I could almost taste my Pulitzer prize -- leaving aside the minor details of (1) whether a Pulitzer is given for alternative newspaper column writing, and (2) the questionable edibility of whatever the Pulitzer folks give out as awards.
Regardless, I came so close to becoming a columnist for Salem Weekly, which actually is published bi-weekly, but alternative publications shouldn't be held to obsessive-compulsive journalistic standards.
That's part of what attracted me to the notion of writing for Salem Weekly when publisher A.P. Walther phoned me early in 2011 and said he wanted us to chat. Soon we had a pleasant get-together at the downtown Beanery coffee house. A.P. had been reading my blogs. He liked my "out of the box" thinking.
Music to my literary ears. I told him that blogging was satisfying, but it'd be interesting to dive into the alternative newspaper waters.
There's something about seeing your words in print, on paper. I've had three books published; it's an exciting moment when the first copy arrives in the mail, much more so than is clicking "publish" on a blog post and sensing electrons fly into cyberspace.
After that first meeting with A.P. I pondered what I'd want to write about during some dog walks, when I often come up with my best ponders. It didn't take long for an idea to pop into my mind.
It was weird. In fact, it was strange. I liked it a lot.
I wanted to Strange Up Salem.
I've lived here for 34 years -- over three freaking decades of listening to people (one of whom was me) bitch and complain about how boring Oregon's capital city is, how there's nothing to do here, how downtown is so yawn-inducing, how we suck compared to Portland and Eugene.
All largely true. But lighting a candle is different from cursing the darkness. I got more and more passionate about a Strange Up Salem campaign, which I came to think of as a happening, that would focus on changing Salem from the inside out.
Channeling Obama's 2008 message, I wanted to proclaim: "We are the strange that we've been waiting for."
And that's what I'm going to do. But not in the pages of Salem Weekly.
A.P. Walther, the publisher, resonated with three sample columns that I wrote along with several memos outlining how Strange Up Salem could bring new energy (and readers) to his publication, help make Salem a better place, and be a satisfyingly fun activity for me.
However, the Salem Weekly editor, who would go nameless if he didn't go by the name of Shawn Estes, wasn't nearly as enamored with my proposal.
After I met with Shawn for the first time, late in the column-planning process, I could tell that we weren't on the same wavelength -- a writer's nightmare, because an editor who isn't attuned to a writer's train of thought is going to de-rail the creative engine.
I suggested further meetings where A.P., Shawn, and I could discuss the Strange Up Salem notion. I wrote out my concerns in detail, hoping that it'd still be possible for both Salem Weekly and me to feel comfortable with each other, an obvious pre-requisite if I was going to write a regular column.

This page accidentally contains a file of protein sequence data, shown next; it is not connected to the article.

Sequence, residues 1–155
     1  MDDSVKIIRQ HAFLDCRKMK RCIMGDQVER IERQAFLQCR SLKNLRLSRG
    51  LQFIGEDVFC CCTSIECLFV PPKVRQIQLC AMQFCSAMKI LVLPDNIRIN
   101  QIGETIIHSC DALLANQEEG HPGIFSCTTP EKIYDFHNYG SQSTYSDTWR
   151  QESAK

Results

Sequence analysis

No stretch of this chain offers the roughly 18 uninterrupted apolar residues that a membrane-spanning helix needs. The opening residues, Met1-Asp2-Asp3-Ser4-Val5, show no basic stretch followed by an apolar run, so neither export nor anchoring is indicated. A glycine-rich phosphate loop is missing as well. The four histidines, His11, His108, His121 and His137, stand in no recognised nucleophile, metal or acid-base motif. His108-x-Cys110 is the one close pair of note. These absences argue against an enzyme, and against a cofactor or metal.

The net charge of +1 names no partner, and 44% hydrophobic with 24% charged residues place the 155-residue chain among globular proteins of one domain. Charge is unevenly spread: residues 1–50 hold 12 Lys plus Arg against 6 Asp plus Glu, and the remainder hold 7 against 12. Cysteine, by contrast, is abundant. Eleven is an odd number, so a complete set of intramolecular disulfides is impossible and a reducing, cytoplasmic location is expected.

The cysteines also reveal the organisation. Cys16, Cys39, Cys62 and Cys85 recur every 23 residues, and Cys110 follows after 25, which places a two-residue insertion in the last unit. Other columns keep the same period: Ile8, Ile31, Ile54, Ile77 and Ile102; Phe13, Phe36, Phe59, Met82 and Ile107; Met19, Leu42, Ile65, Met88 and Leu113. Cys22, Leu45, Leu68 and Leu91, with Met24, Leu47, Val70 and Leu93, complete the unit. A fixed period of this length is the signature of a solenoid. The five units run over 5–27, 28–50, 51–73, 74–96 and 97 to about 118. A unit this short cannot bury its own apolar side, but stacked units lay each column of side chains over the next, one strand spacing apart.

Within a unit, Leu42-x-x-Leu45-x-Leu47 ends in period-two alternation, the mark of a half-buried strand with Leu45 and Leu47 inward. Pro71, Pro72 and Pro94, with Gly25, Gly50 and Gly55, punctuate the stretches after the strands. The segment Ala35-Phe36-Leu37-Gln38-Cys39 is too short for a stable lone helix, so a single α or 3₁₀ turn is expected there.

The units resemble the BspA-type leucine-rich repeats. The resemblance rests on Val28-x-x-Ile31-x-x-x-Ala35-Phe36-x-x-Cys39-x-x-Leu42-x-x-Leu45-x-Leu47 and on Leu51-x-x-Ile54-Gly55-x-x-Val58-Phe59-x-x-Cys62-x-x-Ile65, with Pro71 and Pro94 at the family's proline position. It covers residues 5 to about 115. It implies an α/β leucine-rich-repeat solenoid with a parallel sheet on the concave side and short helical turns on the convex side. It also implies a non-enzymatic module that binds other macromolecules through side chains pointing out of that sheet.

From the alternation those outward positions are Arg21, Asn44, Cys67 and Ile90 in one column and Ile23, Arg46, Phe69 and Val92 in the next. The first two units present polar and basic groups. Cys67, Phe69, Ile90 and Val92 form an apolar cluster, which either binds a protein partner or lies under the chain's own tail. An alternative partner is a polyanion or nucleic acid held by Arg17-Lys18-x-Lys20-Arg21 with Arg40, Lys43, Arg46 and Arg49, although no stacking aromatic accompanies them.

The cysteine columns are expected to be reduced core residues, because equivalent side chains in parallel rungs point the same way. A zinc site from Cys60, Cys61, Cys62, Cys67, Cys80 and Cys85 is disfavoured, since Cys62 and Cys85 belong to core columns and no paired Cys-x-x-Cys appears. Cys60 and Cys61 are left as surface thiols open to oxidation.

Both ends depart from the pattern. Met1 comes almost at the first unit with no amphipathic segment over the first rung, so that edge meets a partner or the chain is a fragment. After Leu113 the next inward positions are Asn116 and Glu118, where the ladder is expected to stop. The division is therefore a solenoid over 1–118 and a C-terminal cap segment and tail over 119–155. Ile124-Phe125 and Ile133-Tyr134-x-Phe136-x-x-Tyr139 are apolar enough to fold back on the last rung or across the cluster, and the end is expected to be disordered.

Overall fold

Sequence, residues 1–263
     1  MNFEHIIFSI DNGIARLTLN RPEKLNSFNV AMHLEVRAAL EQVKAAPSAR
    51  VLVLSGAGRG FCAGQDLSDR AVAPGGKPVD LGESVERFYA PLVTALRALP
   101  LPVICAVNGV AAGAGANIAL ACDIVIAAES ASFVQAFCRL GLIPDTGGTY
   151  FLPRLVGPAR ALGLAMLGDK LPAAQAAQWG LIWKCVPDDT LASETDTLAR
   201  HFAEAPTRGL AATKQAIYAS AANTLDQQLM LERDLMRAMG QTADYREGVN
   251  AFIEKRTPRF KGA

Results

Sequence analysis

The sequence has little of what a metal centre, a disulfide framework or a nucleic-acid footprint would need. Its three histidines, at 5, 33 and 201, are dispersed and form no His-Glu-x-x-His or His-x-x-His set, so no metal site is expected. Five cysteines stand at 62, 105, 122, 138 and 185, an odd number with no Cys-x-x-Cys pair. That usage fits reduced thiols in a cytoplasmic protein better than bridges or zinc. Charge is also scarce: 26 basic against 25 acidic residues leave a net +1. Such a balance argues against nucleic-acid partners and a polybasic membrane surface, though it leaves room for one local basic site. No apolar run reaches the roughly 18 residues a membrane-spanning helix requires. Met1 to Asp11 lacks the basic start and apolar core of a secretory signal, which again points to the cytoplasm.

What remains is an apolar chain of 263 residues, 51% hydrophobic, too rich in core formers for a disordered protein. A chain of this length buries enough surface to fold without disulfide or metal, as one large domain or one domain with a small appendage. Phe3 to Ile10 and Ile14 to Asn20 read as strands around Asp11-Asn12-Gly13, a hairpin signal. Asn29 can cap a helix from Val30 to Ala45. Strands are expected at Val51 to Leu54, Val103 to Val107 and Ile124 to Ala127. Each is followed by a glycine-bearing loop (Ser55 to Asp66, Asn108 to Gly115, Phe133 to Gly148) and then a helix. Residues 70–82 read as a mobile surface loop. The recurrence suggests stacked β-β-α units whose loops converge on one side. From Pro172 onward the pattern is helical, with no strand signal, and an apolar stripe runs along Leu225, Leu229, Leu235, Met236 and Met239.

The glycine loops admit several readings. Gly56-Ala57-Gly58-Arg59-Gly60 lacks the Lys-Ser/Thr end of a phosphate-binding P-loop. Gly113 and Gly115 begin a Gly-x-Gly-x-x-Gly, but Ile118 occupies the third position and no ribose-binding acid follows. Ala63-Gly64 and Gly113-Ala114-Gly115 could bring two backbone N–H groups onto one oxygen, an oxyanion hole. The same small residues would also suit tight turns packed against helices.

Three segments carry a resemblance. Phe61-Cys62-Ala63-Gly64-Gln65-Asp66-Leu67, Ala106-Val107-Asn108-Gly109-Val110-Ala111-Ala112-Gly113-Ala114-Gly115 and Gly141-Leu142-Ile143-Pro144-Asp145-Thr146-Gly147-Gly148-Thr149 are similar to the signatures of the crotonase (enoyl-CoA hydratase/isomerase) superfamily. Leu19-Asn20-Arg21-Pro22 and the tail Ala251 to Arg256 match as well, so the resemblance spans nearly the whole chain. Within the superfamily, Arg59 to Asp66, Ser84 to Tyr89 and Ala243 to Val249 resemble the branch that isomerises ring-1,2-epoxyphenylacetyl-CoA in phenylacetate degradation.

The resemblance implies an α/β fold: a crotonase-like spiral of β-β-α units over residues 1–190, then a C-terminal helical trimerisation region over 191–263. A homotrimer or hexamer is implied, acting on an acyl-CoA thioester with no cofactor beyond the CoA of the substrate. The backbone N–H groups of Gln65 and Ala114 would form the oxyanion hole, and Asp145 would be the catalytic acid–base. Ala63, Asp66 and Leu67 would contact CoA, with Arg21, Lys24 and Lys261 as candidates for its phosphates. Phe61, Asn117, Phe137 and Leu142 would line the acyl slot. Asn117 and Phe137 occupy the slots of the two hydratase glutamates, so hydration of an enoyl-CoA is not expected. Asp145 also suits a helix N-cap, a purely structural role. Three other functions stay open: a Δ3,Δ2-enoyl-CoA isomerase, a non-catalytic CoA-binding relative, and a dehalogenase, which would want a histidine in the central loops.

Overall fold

I realized that the silence I was hearing from Salem Weekly was a response, a conclusion eventually confirmed by A.P.. Not wanting to set aside the work I'd done on Strange Up Salem, I decided to be my own alternative to our city's alternative newspaper. (With the World Wide Web, everybody can be a publisher these days.)
This means I can't fail, because I have few specific expectations of success. I don't even know what "success" means in this context. That's how strange I want Strange Up Salem to be -- unpredictable, uncertain, uncontrollable, undefinable.
You can be a part of whatever the heck this is, no matter where you live.
Visit my Strange Up Salem blog, which functions as a landing place for www.strangeupsalem.com (naturally one of my first thoughts was: "got to reserve a domain name").
Give me a Facebook "like" via the blog. Or head to the Strange Up Salem Facebook page and like strangeness from there.
Follow the Strange Up Salem Twitter feed. Tweets are in short supply at the moment, but I'll get around to tweetifying strangeness before too long.
If you don't understand what Strange Up Salem is all about, join the club. I don't either. Not really. Strange is an idea that sends out tendrils in all directions. Why, I've come to see this concept as a philosophical Theory of Everything. It explains the whole freaking cosmos!
Well, Salem at least.
Friday I'll share the first column that I wrote for Salem Weekly, duly revised for the now-independent nature of Strange Up Salem. With this happening I'm the writer; I'm the editor; I'm the publisher.
More: I'm the goddamn self-appointed Philosopher King of Strange Up Salem.
I wish Courthouse Square was completely torn down and a public park was in its place; then I could get on a soapbox and rant about how strangeness will save Salem from the sins of boredom, lethargy, ordinariness, and lack of creativity.
But who needs a physical soapbox? I've got Facebook, Twitter, and my blogs! Cool.
(I want to end by saying that I like Salem Weekly and admire the dedication A.P. Walther, Shawn Estes, and the other staffers put into this publication. It's a terrific asset for our city. That said, A.P. repeatedly told me "I welcome suggestions for making Salem Weekly better." I'm going to take him up on that offer in a forthcoming blog post, after I get some Strange Up Salem writings percolating in cyberspace.)